The most popular herbal liqueurs in the world
Sassolino di Modena /PROVINCE OF MODENA, ITALY/
Sassolino di Modena (or sasolino only) is an anise-flavored liqueur that first appeared in the 19th century. The original version of the liqueur is dense and resembles syrup and is often addressed as a female drink due to its low alcohol content.
It is claimed that the drink was invented by Swiss pharmacists who settled in the area and was eventually promoted by the cadets from the Military Academy in Modena, who had a summer camp in Sassuolo.
This clear and bright liqueur has a distinctive aroma of star anise and is usually consumed as a DJ, served pure or with ice. It is also often included in desserts or added to coffee to make caffè corretto.
Galliano /LIVORNO, ITALY/
Galliano is a sweet herbal liqueur created in 1896 by Italian distiller and brandy producer Arturo Miteri from Livorno, Tuscany. The star element in "Galliano" is vanilla, which distinguishes it from other anise-flavored liqueurs such as Sambuca, Pernod or Anisette, but the extensive list of ingredients also includes Chinese star anise, Mediterranean anise, juniper, yarrow (Achillea millefolium) [ref. 1] , ginger (Zingiber officinale) [ref. 2] lavender (Lavandula) [ref. 3] , cinnamon (Cinnamomum Verum) [ref. 4] and mint (Mentha) [Ref. 5]
In an appearance similar to Strega, Galliano is sweet and has an intricate aroma of vanilla [ref. 6] and anise with fine citrus, woody, and herbal notes. It is used both as a diet and as an ingredient for cocktails, especially Harvey Wallbanger.
Zirbenlikör is a pine liqueur that is produced in alpine countries, but is mostly associated with Austria. Alcohol is made from pine cones, usually Arolla Stone Pines, which are picked in the summer when they are still green. They are then cut and soaked in a wheat spirit or fruit brandy. As they ripen, they give the base a distinctive reddish tinge.
Zirbenlikör is warm, fresh and soft with typical floral and pine notes. It is often drunk independently as an après-ski drink, but it can also be used in cocktails or long drinks.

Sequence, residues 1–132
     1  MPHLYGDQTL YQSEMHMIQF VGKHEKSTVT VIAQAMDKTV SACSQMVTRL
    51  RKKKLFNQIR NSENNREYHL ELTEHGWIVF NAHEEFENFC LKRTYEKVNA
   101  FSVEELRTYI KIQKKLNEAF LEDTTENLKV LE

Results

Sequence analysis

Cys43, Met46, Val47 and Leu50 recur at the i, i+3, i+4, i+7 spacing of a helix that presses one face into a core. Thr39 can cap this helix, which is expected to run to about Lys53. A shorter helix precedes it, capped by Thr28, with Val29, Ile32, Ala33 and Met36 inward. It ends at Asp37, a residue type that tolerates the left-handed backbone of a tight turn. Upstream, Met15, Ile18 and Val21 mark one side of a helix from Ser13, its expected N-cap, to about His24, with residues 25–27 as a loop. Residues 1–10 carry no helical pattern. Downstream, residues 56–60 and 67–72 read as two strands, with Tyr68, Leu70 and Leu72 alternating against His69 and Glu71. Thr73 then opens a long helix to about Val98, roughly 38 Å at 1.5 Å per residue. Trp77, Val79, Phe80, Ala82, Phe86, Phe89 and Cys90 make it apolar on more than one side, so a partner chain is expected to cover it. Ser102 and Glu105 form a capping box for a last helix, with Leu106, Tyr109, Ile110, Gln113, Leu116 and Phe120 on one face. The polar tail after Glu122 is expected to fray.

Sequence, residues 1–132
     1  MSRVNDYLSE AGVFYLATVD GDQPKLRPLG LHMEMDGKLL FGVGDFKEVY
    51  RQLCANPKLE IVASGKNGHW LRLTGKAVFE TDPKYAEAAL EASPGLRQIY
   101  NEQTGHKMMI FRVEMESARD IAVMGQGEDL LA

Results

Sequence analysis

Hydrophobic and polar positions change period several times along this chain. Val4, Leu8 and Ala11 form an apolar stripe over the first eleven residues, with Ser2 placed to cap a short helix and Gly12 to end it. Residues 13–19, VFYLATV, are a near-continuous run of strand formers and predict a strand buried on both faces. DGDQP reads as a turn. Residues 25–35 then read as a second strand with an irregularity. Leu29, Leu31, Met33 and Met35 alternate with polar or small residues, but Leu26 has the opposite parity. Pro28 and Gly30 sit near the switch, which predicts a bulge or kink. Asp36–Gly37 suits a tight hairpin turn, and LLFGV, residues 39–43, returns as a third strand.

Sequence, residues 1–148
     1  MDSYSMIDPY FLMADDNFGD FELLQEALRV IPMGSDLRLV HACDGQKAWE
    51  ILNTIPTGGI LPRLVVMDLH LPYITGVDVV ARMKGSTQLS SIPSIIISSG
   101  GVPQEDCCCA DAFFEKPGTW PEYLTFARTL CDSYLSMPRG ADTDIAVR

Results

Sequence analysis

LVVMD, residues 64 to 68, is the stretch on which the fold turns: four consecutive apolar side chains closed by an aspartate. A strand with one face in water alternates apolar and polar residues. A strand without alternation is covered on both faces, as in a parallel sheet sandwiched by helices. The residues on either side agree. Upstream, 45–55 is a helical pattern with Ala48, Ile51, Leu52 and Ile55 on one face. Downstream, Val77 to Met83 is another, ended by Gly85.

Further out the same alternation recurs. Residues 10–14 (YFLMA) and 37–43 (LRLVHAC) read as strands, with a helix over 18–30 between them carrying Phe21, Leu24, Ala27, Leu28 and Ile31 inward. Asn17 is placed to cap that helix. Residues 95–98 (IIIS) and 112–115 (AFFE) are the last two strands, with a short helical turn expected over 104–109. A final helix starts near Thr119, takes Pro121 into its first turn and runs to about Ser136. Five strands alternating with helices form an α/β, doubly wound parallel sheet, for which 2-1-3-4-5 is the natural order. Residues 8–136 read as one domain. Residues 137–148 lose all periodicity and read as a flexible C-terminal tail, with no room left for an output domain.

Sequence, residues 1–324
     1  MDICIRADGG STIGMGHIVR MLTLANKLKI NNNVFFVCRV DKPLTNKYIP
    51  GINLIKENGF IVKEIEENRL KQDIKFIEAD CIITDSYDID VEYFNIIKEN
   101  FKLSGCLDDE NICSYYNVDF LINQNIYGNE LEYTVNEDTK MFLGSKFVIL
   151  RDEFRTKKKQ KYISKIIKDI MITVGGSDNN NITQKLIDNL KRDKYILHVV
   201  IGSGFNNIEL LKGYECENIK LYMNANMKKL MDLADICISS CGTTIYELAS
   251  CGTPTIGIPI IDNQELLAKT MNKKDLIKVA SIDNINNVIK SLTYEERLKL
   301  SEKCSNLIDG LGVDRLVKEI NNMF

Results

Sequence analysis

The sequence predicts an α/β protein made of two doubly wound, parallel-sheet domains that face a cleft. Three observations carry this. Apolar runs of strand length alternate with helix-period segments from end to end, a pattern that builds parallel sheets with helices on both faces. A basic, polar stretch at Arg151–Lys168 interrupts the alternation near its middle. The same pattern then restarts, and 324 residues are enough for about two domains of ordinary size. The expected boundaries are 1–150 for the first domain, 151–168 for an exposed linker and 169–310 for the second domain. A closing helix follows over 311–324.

Averna /CALTANISSETTA, ITALY/
Some sources claim that the recipe was handed over to Avernas by a monk from the local Monastery of San Spirito.
The exact list of ingredients remains a family secret of Averna, but it is said that this bitter-sweet liqueur is made with more than 60 different herbs, roots, pomegranate and essential oils of bitter Sicilian lemons.
Tentura /PATRAS, GREECE/
Tentura (Tentura) is a traditional liqueur that comes from Patras. It is prepared by pouring brandy or rum with herbs and spices. The most common flavors include cinnamon and cloves [ref. 7] but nutmeg and citrus fruits are often used in the recipes. Tentura has an amber or dark color with aroma and taste, reminiscent of warming spices and vanilla.
Génépi /AOSTA VALLEY, ITALY/
Génépi (Jenepi) is an herbal liqueur that is usually made by soaking dried herbs in neutral alcohol or cereal spirit, with added sugar. Although small amounts of other herbs can be added to the macerë, the most famous are the Alpine shrubs of the genus Artemisia (wormwood) [ref. 8] which give the drink a distinctive, subtle bitter taste.
Pelinkovac is a traditional Croatian herbal liqueur produced by distillation of herbal macerati. The distillate is regulated and mixed with water, alcohol and macerate base. Pelinkovac should always have a dominant element of wormwood (Artemisia absinthium) [ref. 9] , usually supplemented by dill [ref. 10] sage (Salvia Officinalis) [ref. 11] and mint, but the final herbal composition may vary depending on the region and season.
Amaro Lucano /PISTICCI, ITALY/
Lucano is an Italian amaro that is flavored with more than 30 plants. Some of them are known as wormwood, sage, tinty [ref. 12] , angelica [ref. 13] bitter orange and ruta, but the exact composition and recipe remain secret. The resulting drink is clear, of attractive mahogany color and is best served clean, preferably well chilled or with ice.
Ancho Reyes /PUEBLA DE ZARAGOZA, MEXICO/
Ancho Reyes is a unique Mexican liqueur soaked in peppers ancho - the dried version of mature poblano chillies. The recipe is based on traditional Puebla liqueurs (menjurjes), which date back to the 1920s.
The whole process consists only of handmade and involves selecting only the best peppers, which are dried, then cut with scissors and allowed to soak in a cane spirit drink originating in Veracruz. After soaking, the spirit drink is mixed and then matures until it acquires its spicy and smoky flavors and flavors.
The original version of the liqueur is made from ripe red peppers, while the newer version Ancho Reyes Verde is made from previously picked, blended green peppers.